Once exported as a PNG it no longer retains its vector qualities and becomes pixel based. All that means in real terms is that you’ll lose what you gained in line quality if you scale it up too much. I move it to where I want it and don’t really mess with it.
It’s currently in black and white and I’d like to add colour. By duplicating the layer and then locking the transparency of it, I can paint away on it with my preferred pastels and not go over the edges. However by doing this you will painting over the line work on the text.
Move the original text layer above the duplicate, and set its blend mode to multiply. I would tend to lock it as a layer so I can’t paint on it by accident. Now you have the line work fixed above the layer you are painting colour on. Group them if you wish. Don’t forget to unlock the text, should you decide to move the group though. That kind of thing can drive you mad, trying to work out why it won’t move.
ArtRage does deliver a text tool and it is perfectly serviceable. After selecting it from the tools, it manifests itself as a flashing cursor, insertion point, where you click on the canvas and type away. Turn to the keyboard to write your text. Highlight the text using the cursor, as you would expect, and open settings and you can edit the usual suspects – font, size, bold, etc. Move the text around using the transform tool. Should you want to be able to paint on the type for more textural effects, you need to rasterise the layer first. My preferred way to do this is to create an empty layer below it and merge the text layer down into it. Lock its transparency as we did before and paint away. I type the words ‘Ambient Design’, edit size and font, move it where I want it, but leave the colour as black.
You can use ‘Layer Effects’ to quickly add special effects like dropshadows and embossing in ArtRage 5. You can find the Layer Effects in the same place as the Layer Blend Modes, in the menu for a specific layer. Layer Effects will work for text layers as well!
Adding A Logo
Add extra design elements and use transform to fit them to the image.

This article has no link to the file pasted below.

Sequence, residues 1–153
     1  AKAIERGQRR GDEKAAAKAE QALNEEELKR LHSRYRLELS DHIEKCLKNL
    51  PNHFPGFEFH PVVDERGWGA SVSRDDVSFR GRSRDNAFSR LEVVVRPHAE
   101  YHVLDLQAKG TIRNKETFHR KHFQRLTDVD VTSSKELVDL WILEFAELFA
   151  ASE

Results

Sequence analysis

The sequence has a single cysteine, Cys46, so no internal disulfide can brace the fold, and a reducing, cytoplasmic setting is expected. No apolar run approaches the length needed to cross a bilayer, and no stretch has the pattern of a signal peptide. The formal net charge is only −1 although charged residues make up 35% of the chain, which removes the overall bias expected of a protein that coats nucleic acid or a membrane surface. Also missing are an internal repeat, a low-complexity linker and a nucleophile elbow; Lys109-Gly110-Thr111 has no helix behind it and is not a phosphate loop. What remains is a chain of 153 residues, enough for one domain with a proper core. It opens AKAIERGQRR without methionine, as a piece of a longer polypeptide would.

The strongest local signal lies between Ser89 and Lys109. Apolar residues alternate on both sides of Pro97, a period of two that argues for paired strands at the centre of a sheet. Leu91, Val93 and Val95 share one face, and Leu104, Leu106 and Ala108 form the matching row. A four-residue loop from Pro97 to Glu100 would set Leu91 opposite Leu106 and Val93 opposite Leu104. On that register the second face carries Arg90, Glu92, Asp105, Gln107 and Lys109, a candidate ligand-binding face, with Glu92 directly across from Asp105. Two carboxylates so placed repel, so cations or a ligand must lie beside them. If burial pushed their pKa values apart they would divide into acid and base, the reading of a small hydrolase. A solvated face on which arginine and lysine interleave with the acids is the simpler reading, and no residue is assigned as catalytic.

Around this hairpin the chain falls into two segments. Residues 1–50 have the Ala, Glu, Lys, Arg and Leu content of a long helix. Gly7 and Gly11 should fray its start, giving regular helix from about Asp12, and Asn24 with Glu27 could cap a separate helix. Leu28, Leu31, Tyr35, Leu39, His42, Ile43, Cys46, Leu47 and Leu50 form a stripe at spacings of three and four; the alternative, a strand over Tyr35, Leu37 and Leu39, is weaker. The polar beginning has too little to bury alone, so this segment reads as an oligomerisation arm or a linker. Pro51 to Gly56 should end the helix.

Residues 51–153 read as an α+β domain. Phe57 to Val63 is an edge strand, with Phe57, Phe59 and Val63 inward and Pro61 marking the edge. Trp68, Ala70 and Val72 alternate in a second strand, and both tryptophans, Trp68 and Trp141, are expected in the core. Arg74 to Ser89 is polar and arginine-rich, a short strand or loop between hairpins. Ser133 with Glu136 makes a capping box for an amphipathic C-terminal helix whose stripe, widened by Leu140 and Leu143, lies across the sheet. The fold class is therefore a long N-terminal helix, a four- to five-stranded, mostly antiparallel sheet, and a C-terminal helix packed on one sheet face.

To help reinforce the 5 message I want to knock together some sort of logo/symbol for them to be standing on. I add a large number 5 with the text tool, duplicate it four times (to make five in total) and translate them into a group. Four round the outside of a central one (which I make smaller so that the other four can be touching, but not overlapping).
I collapse them to one layer and make another layer above, on which I paint an enclosing circle, using the pastel tool and ‘Circular Rim’ stencil – the same colour as the text. I duplicate the circle layer and scale it down to form an inner ring too as extra embellishment.
Once happy with their placement, I merge them to one layer, duplicate (for a back up in case I fudge things up) and use the irregular transform tool with ‘Content Perspective’ ticked to adjust the position and perspective to fit the scene.
Now that the people have been mostly finished, it is time to get rid of the brown background and experiment with some more dramatic options. First, the background is divided up into white and green to frame the figures, then I start adding grasses and textures to build up the environment using the Custom Brush.
Custom Brushes and Symmetry can be used to add patterns and textures
I designed my own brushes in the Custom Brush Designer to add organic textures and designs to the nearly finished illustration, as well as to make it quicker and easier to add grass and foliage. The grass is one of the only Custom Brush additions that made it into the final image, but you can see several other brushes in the video as I played with different effects. You can watch the creation of the brushes in this video
I also used rotational symmetry to add rainbow ‘5’s radiating out from the center. The Text tool does not work with symmetry, so I added the 5s by pasting them in and adjusting them to scale using the symmetry axes as guides. I merged them down to a single layer and used lock transparency to add a rainbow hue, then finished by blurring them with the Palette Knife (you could also use the Blur filter but this would blur everything evenly without a radiating or motion effect).
The text and fancy effects can be added at almost any point towards the end, but the closer the picture is to the final version, the easier it is to see if the extra touches work with it or not. For this picture, I continued playing around, adding and removing things, until I was happy with the final illustration.
‘The ArtRage Five’ illustration is complete!